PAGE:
HPW 325 Introduction to Athletic Training (2)
This course examines the athletic trainer’s role in sports medicine, mechanisms of athletic injuries, tissue response to injury, and introductory techniques of the assessment and evaluation of athletic injuries and emergency procedures. Provides an opportunity for students to observe the function of an athletic training facility and become aware of the various duties performed by a Certified Athletic Trainer. Course methodology includes lecture, discussion, and hands-on application. This class has an associated class fee.
HPW 330 Personal Trainer Exam Review (2)
This course provides theoretical knowledge and practical skills in preparation for a national certification exam in personal training. Topics include guidelines for instructing safe, effective, and purposeful exercise; essentials of the client-trainer relationship; conducting health and fitness assessments; and designing and implementing appropriate exercise programming.
HPW 335 Intro to Adventure Therapy (2)
This course will provide an introduction, exploration and application of theoretical models and frameworks, practical applications and ethical considerations of Adventure Therapy (AT). Specifically, we will focus on how the Walsh and Golins Outward Bound Model and the Affect, Behavior, Cognitive-Relationship (ABC-R) assessment tool informs client assessment, program structure and experiential processing. We will also discuss and implement the major characteristics of AT and how they are applied in the practice of AT. Special attention will be paid to ethical considerations in the field of AT.
HPW 340 Backcountry Skiing/Snowboarding (1)
This classroom and field-based course is designed to give students with some previous avalanche awareness education the opportunity to apply this information in backcountry terrain.  Students enrolling in this course will continue to develop their skills and knowledge of backcountry skiing and splitboarding.  Topics covered on this course include an overview of backcountry touring information, appropriate terrain selection, weather and snowpack factors that lead to avalanche hazard, group management in avalanche terrain, leadership skill development, use of avalanche safety equipment, and avalanche rescue practice. This course also includes two classroom sessions to brief/debrief backcountry exercises, review avalanche-related topics, and discuss reading and writing assignments.
HPW 350 Nutrition for HPW (2)
This course focuses on nutrient metabolism, nutrition science, and exercise physiology as it applies to sports performance, exercise, and health. Topics may include the following: the role of carbohydrates, protein, lipids, water, and vitamins and minerals in human nutrition; the relationship of nutrition to maintenance of health and prevention of disease; or the role of nutrition in weight control, exercise and sport.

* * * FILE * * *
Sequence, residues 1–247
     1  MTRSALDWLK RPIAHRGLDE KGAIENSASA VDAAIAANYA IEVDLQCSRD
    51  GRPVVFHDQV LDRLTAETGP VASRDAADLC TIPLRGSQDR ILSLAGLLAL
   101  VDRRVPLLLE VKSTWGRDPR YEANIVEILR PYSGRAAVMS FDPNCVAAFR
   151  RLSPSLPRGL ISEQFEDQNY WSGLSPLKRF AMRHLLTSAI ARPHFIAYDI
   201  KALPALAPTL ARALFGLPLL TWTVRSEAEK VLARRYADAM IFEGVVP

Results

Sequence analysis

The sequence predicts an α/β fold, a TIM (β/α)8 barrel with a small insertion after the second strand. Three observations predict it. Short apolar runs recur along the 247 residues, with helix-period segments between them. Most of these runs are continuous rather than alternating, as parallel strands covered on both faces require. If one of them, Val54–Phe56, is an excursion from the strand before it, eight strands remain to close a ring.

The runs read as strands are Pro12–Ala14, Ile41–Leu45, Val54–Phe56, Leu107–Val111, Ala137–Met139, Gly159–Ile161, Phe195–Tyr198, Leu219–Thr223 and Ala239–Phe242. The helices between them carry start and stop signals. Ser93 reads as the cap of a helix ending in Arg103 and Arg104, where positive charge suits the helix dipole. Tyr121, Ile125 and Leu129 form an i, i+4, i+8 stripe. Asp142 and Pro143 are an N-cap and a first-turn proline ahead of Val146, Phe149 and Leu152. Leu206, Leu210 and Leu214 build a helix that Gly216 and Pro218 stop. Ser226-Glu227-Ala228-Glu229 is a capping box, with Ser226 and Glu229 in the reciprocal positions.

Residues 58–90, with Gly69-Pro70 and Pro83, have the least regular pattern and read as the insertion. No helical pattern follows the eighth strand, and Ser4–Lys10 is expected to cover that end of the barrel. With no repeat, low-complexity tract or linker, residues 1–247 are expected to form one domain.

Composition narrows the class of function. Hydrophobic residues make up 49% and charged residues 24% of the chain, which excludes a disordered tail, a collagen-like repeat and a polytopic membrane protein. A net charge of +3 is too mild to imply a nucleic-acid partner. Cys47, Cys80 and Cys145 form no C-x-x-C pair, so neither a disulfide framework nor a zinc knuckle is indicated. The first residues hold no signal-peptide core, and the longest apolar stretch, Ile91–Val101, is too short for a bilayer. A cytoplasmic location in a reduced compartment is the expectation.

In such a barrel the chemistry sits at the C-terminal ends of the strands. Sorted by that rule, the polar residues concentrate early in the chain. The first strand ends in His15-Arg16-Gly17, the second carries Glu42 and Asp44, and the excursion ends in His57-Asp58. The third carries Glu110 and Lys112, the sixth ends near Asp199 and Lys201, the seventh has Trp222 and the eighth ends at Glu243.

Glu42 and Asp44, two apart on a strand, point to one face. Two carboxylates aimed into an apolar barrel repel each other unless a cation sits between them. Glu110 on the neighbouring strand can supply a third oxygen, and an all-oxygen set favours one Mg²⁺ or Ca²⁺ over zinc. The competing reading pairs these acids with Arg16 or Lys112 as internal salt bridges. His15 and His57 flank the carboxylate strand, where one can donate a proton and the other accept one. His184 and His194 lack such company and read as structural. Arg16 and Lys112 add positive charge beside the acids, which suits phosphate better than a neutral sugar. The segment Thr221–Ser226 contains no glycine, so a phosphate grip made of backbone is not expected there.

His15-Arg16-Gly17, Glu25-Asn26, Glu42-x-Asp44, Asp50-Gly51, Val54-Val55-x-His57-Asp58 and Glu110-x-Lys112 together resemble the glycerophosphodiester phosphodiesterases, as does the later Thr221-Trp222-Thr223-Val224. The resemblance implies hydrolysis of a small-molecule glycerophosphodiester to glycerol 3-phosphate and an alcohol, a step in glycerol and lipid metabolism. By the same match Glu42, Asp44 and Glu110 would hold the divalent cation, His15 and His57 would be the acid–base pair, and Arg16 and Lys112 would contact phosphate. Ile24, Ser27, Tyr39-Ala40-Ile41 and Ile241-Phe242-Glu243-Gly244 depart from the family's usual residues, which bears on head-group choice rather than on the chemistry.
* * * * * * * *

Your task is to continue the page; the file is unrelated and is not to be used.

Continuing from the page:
HPW 355 Outdoor Leadership (2)
This outdoor leadership course is designed for students with an interest in organizing and leading outdoor trips. Topics covered include basic wilderness survival, navigation skills, route planning, hazard awareness, group dynamics, communication and leadership techniques, food rationing and outdoor cooking, emergency procedures, and Leave-No-Trace skills. Students will participate in both classroom and wilderness settings, including weekend trips to apply knowledge.
HPW 356 Wilderness First Responder (1–2)
Wilderness First Responder (WFR) courses are specifically designed to meet the needs of wilderness guides, expedition leaders, and outdoor instructors. They are the outdoor education and recreation industry standard for wilderness medical training. The course is taught by the Wilderness Medicine Training Center (WMTC), one of the leaders in wilderness medicine education. WMTC is the only wilderness medicine provider to offer a complete distance learning course in wilderness medicine. The distance learning WFR course has three distinct components: a didactic distance learning component, on-line testing, and an on-site practical session. You MUST complete the didactic material—using WMTC’s text, field manual, and animated DVD—and on-line testing prior to attending the on-site practical session. The time required to complete the didactic material and testing ranges from 25–50 hours depending on the individual student. The five-day, 50-hour practical session completes the course with skills labs and simulations designed to fully align the academic work with practical application.
HPW 370 Advanced SCUBA (1)
Advanced Scuba Diving is designed to introduce students to advanced SCUBA techniques which will allow students to both explore more difficult terrain and to learn advanced safety procedures.   Through home study, class sessions and pool sessions, students will learn about five advanced areas of diving.  Successful completion of the five learning modules and training dives will certify the student as a PADI advanced Open Water Diver which is a prestigious certification that is recognized internationally.  Completion of this advanced training will allow a student if they choose to move forward in their dive training to learn rescue diving techniques.
HPW 401 Directed Studies (1–4)
A tutorial-based course used only for student-initiated proposals for intensive individual study of topics not otherwise offered. Prerequisites: consent of instructor and school dean.
HPW 410 Seminar Outdoor Education and Leadership (3)
This is the capstone course for the Outdoor Education and Leadership Minor.  We will explore historical and theoretical foundations of Outdoor Education and Leadership as well as current issues and trends in the field.  Topics will include Outdoor Education and Leadership as it applies to society (both local and global), public land management (federal, state, and local), ethics (environmental and virtue-based,) practical application of research, opportunities for further education in the field, and career opportunities.  During the course, students will identify their individual context for Outdoor Education and Leadership.  They will research that particular area, write a literature review, and then present their personal professional philosophy and how they plan to contribute to the field based on their career goals and education thus far.
Print Friendly, PDF & Email